The City of Cape Town in South Africa has lost around US $129.6m in revenue due to reduced water consumption. This has resulted in an urgent need to fund water supply projects.
Dam levels are currently at average of 29% of capacity. Consequently, drilling equipment will be used to extract water from aquifers on the Cape Flats and the Table Mountain aquifers. This is in addition to extraction already underway in Atlantis on the West Coast. This is according to Mayor De Lille.
If approved and introduced, the drought charge will affect 460 216 households. Of these, 52 510 will pay more than US $12.15 a month for the drought charge, and the rest will pay around US $3.81 per month. This income will go towards making up for the water revenue lost through the diligent use of under 87 litres per person per day by around 54% of the residents.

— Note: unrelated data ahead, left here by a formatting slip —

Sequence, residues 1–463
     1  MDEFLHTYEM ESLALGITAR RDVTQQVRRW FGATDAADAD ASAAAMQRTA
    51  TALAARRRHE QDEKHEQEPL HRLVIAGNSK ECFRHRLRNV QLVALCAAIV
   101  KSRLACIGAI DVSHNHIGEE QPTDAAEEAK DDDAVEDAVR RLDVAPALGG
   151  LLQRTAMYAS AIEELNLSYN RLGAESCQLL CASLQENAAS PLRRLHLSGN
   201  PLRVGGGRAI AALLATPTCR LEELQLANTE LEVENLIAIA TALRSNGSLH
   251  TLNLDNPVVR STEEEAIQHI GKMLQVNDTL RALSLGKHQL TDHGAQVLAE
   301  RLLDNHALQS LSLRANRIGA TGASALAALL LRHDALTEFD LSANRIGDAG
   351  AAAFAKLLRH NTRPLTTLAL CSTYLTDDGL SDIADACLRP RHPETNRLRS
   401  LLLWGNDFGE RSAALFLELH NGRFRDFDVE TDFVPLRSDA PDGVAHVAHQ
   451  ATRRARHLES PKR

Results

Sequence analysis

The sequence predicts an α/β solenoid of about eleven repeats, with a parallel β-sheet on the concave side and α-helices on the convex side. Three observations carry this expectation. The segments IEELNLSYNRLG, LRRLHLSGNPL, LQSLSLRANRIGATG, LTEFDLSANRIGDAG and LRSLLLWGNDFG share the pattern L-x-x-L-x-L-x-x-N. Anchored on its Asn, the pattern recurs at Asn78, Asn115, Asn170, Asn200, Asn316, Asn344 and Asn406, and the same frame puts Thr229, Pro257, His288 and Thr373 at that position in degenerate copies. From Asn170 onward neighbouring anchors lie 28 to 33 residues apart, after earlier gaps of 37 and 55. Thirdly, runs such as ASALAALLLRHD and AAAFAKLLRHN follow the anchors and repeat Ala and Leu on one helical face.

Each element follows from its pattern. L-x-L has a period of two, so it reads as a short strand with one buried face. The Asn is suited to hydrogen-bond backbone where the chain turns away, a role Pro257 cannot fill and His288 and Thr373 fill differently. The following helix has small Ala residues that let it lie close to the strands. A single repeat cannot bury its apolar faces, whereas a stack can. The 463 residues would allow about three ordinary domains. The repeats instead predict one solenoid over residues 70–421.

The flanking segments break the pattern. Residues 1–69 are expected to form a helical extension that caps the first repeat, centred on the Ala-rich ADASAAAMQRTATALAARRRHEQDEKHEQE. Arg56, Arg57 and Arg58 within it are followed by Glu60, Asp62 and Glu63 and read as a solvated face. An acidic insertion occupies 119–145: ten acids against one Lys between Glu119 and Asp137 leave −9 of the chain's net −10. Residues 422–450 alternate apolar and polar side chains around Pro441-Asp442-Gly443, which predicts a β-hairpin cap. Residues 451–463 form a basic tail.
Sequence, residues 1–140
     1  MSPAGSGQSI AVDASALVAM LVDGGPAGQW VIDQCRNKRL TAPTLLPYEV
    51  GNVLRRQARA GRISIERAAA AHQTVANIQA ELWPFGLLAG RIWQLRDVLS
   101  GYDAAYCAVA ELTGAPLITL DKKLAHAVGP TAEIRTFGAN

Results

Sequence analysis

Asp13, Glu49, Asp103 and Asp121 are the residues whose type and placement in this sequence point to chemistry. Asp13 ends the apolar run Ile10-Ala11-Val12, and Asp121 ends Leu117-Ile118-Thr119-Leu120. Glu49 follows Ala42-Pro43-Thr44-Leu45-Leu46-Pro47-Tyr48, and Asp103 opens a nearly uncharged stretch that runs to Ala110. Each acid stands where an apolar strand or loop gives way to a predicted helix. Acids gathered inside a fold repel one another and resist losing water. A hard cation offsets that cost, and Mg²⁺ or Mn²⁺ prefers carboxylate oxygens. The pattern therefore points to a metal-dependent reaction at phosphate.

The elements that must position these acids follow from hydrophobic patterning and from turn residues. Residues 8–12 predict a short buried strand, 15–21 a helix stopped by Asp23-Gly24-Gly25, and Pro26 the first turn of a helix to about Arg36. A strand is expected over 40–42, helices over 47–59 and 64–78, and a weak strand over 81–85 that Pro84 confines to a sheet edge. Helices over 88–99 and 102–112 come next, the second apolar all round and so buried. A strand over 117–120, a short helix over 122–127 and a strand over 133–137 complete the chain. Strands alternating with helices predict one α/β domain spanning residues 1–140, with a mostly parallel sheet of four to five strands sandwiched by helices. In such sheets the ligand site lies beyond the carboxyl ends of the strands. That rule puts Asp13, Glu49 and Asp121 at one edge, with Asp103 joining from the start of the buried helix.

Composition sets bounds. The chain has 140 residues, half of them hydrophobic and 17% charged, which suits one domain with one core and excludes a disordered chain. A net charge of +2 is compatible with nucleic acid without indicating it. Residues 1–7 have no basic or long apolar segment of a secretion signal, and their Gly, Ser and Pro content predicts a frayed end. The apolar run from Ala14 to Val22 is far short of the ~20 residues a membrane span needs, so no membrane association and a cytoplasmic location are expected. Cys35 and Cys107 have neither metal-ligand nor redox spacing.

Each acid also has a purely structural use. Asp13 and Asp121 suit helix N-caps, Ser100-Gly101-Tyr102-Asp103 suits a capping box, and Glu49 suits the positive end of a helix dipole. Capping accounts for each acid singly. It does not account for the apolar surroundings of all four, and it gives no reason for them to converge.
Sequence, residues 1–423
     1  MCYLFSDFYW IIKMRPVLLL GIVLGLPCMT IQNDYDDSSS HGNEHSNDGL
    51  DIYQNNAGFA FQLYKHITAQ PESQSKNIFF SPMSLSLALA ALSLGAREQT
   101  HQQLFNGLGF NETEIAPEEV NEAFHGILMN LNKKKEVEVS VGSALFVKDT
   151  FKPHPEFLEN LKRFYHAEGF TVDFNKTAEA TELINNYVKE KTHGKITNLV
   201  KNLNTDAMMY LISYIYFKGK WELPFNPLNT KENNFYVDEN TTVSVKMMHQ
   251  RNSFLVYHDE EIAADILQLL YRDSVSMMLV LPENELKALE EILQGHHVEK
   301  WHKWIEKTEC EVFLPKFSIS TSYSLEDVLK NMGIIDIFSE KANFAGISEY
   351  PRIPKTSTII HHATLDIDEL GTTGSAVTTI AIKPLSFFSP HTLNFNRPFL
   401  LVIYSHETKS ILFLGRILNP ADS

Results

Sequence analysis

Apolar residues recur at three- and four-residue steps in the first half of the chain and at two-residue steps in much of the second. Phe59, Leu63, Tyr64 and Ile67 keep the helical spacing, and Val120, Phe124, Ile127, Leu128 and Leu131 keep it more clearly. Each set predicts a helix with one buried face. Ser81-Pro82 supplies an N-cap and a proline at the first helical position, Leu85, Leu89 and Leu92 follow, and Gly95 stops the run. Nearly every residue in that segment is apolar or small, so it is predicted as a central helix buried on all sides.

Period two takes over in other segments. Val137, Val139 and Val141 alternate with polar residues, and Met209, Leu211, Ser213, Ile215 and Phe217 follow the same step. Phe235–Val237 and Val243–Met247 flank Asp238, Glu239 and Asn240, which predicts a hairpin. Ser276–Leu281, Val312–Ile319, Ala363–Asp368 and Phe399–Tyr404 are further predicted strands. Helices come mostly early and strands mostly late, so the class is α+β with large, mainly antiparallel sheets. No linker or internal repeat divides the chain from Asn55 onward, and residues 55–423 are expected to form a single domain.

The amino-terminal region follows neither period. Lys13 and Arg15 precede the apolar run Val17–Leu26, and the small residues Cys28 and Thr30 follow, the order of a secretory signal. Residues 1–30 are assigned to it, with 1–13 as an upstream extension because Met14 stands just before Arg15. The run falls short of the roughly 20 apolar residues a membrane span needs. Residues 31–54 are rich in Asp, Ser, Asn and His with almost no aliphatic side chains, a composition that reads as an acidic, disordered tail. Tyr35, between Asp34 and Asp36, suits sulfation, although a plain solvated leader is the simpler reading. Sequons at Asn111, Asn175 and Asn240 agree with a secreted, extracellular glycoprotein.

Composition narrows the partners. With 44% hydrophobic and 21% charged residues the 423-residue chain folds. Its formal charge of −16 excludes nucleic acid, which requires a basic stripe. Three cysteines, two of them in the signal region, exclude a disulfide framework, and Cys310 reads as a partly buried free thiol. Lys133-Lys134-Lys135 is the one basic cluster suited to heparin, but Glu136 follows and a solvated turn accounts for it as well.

Nevertheless, there are still households exceeding 10 000 litres a day. As a result, inspectors are visiting them and installing devices to help reduce their usage. The city still needs the average daily consumption to drop from the current 587m litres per day, to under 500m litres a day to keep “Day Zero” away.
“Day Zero” is the day when the city’s taps run dry and an emergency plan executed. This is inclusive of residents queuing at water points under army and police supervision.The holiday season uses kept consumption levels more or less the same due to a balance between the number of people leaving to visit other provinces, and the influx of visitors.
“Day Zero” has, however, once again been moved forward a week to April 22 from the last predicted date of April 29.
- City of Cape Town launches a water map to deal with water crisis
- The City of Cape Town starts drilling first borehole into the Cape Flats Aquifer
- SAPOA raises concerns over Cape Town water projects funding
- Cape Town sets aside US $140m to fund water projects
- Cape Town to introduce fixed charges for water, electricity